“I live in a beautiful English Rural home in the heart of a Kentish village with my husband. Our youngest daughter and her partner are living with us at the moment while they save for a deposit for a home of their own. My eldest daughter has bought a house just four miles away. My family have lived in the village and the surrounding villages for the last 300 years, apart from one very adventurous soul who took off to America in the last century. My husband also grew up and worked in the village and his family had a farm on the edge of the parish. When his father passed away at the age of 52, the family lost everything. Unfortunately, he had no life insurance and had to move into rented accommodation in the neighbouring parish. They couldn’t afford the very high private rentals to remain in the village.
A couple of years later when my husband and I started looking for a home of our own we had to move to the nearest large town. We managed to find a small, privately rented flat and settled in and started a family. Our first daughter was born a year after we moved there. Commuting to our respective jobs, which were still in or near to the village, became difficult. Our respective Mums helped and looked after my daughter during the day. We would drop her with them so we could work but we found it increasingly difficult to pay for travel costs and our rent which was high and getting higher. We were on a six month tenancy agreement with the landlady and heard constant rumours that she was going to sell up. The flat had no central heating, was damp and on a very noisy road. We missed our friends and the wider village community. While we got to know our new neighbours, it was very different to living in a rural community you have always known with the people who will support you.
Every week we looked for a property in the village and neighbouring parishes. Even very small homes in the private sector were very expensive and completely beyond our wages. We tried to apply for a mortgage but just didn’t earn enough to borrow the amount needed. Then we heard about some new homes that were being built that were for people with a link to the village. I phoned English Rural to apply and the housing manager came to see us at our flat. She helped us fill in the application forms and talked to us about our connections to the village. Then, a few weeks later, a letter came and to our delight we had been offered a home. On the day we got our letter we drove to see the houses; they had no doors or windows in yet but we could see how nice they were going to be. To know that we were going to be able to live in the village, near to our family, friends and jobs was such a relief. When the houses were completed in the summer of 1996 we were given the keys to our new home.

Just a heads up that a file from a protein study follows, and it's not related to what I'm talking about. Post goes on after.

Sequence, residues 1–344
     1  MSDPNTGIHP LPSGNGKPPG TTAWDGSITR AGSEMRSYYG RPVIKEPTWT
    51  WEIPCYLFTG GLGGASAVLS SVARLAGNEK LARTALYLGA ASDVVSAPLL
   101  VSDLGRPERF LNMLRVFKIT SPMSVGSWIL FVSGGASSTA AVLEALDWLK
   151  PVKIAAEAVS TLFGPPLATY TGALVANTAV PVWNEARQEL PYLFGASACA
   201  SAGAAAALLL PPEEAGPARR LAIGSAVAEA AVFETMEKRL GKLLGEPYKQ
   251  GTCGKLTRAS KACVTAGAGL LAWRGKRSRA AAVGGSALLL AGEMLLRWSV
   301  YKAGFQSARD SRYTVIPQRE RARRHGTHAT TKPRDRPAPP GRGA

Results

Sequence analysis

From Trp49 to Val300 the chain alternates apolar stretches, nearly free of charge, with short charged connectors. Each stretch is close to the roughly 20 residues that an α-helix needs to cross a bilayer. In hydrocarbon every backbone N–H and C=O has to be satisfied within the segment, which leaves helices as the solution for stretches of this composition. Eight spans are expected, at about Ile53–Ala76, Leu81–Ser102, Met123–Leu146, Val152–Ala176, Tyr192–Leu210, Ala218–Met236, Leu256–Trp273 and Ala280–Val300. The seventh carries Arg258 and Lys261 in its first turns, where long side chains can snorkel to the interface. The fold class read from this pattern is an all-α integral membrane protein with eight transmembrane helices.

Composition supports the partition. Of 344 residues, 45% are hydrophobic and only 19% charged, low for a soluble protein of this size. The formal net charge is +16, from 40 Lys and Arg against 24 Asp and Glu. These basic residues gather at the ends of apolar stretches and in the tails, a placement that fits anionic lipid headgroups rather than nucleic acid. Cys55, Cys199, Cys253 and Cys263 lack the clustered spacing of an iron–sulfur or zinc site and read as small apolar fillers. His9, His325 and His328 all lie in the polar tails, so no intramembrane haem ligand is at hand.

Life changed completely when we moved in. Our rent was affordable and our cost of living went down as our rent and travel costs decreased. We were no longer asking our parents to help us meet our rent each month or put petrol in our car. Our new neighbours had young children too and we knew several of them already. Just as importantly, we were able to stop worrying about losing our home at short notice.
Since living here, my husband and I have been able to take an active part in our community, which is something we both love to do. When our girls went to the village nursery and then on to the primary school I changed jobs to work there. Two of my neighbours were able to do the same. I became a Brownie leader, which I did for 13 years, and became a Parish Councillor. For a few years I helped to edit the parish magazine and I periodically write for the Church website. My husband is a Churchwarden and I sit on the Church Council. We both volunteered as adult youth leaders on a project run from the village, taking young people from the village on a team building, cultural trekking adventure overseas.
We are not unusual in what we contribute to our community. Many of our English Rural neighbours have done the same. One Dad is a sports coach and helped the school to get funding for sports facilities and set up a tennis club. Another runs fundraising days for a local autistic children’s charity. My neighbour has elderly parents who need care and she is able to help them to stay in their own home – something she would have found impossible had she not been able to move back to be near them. There are so many ways that everyone has contributed to village life.
None of this would have been possible if we hadn’t been able to live here. Our daughters have benefited enormously from growing up here. I’m sure that we would have had to move from property to property if we had stayed in the private rented sector and would not have been able to put our roots down properly as we have done. Both my children are keen to stay in the area. The connection we had with the village was so important.
When you know a community there is a sense of ownership and responsibility to be part of it. Very often the families with history in a village are the ones who keep it going in a community sense. They provide a lasting social framework for newcomers and youngsters.
I firmly believe that when a community invests in local needs housing it is investing in its future.“
An English Rural resident, Kent, July 2020.